Eugene Batchelder - One of the maddest books ever. A sea-serpent wrecks a ship, eats the passengers and some passing whales, gives the commencement address at Harvard, and then shocks society at a high-class ball

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Eugene Batchelder, A Romance Of The Sea-serpent, Or, The Ichthyosaurus, 1850.                    


Maddest book I ever read. A sea-serpent wrecks a ship, eats the passengers and some passing whales, gives the commencement address at Harvard, and then shocks society at a high-class ball. Partially in verse. Published 1850. - Caustic Cover Critic

'The largest monster in antebellum literature was the kraken depicted in Eugene Batchelder's Romance of the Sea-Serpent, or The Ichthyosaurus, a bizarre narrative poem about a sea serpent that terrorizes the coast of Massachusetts, destroys a huge ship in mid-ocean, repasts on human remains gruesomely with sharks and whales, attends a Harvard commencement (where he has been asked to speak), [and] shocks partygoers by appearing at a Newport ball...'' David S. Reynolds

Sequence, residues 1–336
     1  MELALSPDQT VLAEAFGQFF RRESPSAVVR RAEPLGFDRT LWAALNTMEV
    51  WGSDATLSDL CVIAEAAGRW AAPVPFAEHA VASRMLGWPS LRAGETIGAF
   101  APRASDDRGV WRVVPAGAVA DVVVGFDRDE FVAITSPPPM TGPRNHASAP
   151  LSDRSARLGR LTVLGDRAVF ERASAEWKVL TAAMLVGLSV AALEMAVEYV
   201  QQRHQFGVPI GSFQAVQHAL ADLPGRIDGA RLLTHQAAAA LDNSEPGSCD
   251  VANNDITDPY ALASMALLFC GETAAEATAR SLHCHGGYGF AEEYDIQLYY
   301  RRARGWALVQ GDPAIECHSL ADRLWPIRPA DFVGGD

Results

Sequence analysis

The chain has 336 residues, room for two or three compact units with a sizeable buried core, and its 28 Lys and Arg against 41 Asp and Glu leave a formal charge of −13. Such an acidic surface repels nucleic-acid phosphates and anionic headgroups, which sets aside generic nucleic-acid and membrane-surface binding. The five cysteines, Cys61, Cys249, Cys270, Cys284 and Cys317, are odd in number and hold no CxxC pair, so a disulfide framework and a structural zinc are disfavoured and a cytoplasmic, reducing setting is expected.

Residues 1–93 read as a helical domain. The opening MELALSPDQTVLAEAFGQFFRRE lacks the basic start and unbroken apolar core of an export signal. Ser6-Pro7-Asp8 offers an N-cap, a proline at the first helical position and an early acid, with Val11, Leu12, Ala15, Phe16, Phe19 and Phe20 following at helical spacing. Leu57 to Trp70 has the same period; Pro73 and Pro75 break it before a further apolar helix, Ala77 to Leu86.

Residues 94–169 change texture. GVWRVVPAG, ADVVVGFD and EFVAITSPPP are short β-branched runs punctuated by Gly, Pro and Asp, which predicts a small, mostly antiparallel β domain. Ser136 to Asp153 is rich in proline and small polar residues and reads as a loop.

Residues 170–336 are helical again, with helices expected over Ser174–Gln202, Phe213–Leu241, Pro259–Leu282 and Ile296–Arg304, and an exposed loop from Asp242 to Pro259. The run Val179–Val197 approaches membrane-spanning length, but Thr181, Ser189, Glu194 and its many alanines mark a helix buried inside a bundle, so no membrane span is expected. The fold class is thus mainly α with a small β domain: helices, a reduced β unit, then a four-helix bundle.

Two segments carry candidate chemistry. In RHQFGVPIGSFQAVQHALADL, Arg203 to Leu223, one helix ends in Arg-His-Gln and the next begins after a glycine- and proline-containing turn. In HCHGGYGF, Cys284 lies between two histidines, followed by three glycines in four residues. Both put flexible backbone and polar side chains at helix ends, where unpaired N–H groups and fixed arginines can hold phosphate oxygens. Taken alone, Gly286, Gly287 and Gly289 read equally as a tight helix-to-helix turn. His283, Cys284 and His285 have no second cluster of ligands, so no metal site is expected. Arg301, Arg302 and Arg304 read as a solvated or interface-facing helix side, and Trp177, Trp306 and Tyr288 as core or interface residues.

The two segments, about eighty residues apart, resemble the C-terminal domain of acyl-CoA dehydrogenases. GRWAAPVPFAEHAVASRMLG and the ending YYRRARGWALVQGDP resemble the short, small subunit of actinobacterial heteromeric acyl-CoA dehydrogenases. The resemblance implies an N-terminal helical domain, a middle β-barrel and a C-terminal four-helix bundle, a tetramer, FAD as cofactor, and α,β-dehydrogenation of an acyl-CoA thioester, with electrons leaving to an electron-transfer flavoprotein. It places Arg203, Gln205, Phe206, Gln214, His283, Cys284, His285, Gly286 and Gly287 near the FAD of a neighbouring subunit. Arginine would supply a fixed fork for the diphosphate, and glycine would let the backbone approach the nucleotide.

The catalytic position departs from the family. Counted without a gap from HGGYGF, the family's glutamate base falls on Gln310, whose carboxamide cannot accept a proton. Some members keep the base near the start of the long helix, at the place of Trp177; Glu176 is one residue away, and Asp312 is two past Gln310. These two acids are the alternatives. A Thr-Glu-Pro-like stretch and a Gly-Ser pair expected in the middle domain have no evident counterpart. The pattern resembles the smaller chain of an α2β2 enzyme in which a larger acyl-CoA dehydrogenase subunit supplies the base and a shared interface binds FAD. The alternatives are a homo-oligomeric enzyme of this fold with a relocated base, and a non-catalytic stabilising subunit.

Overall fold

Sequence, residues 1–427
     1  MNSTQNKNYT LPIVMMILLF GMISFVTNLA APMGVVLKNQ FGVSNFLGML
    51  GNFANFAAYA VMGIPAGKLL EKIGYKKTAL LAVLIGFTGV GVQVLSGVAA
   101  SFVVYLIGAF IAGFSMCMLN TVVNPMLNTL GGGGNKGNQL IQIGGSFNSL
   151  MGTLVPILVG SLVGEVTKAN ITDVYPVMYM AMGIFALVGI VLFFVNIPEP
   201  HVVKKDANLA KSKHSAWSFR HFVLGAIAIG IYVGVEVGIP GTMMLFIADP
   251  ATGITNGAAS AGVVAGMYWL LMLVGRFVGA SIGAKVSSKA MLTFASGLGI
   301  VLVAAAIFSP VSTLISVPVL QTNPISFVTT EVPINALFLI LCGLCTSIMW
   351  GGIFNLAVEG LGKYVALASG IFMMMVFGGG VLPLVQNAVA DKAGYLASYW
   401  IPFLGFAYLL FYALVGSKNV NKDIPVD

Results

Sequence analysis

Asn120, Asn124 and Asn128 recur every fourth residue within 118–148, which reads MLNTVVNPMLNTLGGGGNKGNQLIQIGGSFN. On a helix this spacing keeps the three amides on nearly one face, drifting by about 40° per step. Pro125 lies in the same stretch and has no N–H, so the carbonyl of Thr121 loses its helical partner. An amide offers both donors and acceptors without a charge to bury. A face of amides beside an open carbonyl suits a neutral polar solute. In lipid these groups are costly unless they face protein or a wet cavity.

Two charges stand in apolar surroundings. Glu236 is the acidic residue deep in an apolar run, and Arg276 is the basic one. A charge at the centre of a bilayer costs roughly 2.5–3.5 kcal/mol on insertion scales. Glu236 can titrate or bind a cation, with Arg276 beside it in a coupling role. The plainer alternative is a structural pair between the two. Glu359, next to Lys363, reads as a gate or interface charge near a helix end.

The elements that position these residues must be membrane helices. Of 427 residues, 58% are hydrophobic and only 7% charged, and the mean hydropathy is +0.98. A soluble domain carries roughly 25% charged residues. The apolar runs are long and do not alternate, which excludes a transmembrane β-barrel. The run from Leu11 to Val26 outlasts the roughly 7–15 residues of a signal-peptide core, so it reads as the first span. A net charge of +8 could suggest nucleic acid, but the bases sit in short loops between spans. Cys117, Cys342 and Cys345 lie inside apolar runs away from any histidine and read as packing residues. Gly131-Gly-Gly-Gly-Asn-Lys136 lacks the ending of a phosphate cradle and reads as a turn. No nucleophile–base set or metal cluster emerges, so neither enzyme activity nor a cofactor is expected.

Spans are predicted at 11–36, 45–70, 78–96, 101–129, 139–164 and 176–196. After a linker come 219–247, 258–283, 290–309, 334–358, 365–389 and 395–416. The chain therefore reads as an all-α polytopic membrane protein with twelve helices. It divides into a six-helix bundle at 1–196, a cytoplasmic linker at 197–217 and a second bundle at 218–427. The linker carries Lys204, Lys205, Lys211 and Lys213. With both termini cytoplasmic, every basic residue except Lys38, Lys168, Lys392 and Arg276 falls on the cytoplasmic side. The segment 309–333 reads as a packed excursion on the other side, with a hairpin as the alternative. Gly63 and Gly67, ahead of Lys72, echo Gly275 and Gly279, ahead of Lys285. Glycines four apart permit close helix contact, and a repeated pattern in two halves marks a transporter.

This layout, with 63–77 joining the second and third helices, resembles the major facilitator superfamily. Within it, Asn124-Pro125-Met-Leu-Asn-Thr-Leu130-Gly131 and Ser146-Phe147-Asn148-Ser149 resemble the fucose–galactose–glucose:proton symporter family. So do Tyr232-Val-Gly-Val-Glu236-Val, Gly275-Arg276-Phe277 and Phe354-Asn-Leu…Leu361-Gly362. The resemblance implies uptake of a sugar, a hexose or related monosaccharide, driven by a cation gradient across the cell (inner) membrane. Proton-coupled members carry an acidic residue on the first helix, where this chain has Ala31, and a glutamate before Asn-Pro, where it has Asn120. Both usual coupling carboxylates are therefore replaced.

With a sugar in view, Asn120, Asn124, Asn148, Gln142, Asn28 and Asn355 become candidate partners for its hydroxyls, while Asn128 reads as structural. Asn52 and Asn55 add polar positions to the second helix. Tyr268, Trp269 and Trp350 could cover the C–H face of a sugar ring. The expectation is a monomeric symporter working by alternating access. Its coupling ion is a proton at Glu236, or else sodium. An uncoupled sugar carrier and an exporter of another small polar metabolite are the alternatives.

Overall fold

.. THE THIRTY-SECOND FABLE OF THE TWILIGHT OF THE GODS. From the Ancient Icelandic, or Runic, Mythology, nearly as long ago as the time of Isaiah. Gangler then inquired, " What can you tell me concerning that day? " Har replied: " There are very many and very notable circumstances which I can impart to you. In the first place will come the grand, the ' desolating' Winter, during which the snow will fall from the four corners of the world; the frost will be very severe; the tempest violent and dangerous; and the sun will withdraw his beams. Three such winters shall pass away, without being softened by one summer Then will happen such things as may well be called prodigies. The wolf Fenris will devour the sun; a severe loss will it be found by mankind. Another monster will carry off the moon, and render her totally useless; the stars shall fly away and vanish from fhe heavens; the earth and the mountains shall be seen violently agitated; the trees torn up from the earth by the roots; the tottering hills to tumble headlong from their foundations; all the chains and irons of the prisons to be broken and dashed in pieces. Then is the wolf Fenris let loose; the sea rushes impetuous ANCIENT ICELANDIC FABLE. 131 ly over the earth, because the Great Serpent, changed into a spectre, gains the shore. The ship Nagelfara is set afloat.: this vessel is constructed of the nails of dead men; for which reason great care should be taken not to die with unpared nails; for he who dies so, supplies materials towards the building of that vessel, which Gods and men will wish were finished as late as possible. The giant Rymer is the pilot of this vessel, which the sea, breaking over its banks, wafts along with it. The wolf Fenris, advancing, opens his enormous mouth; his lower jaw reaches...


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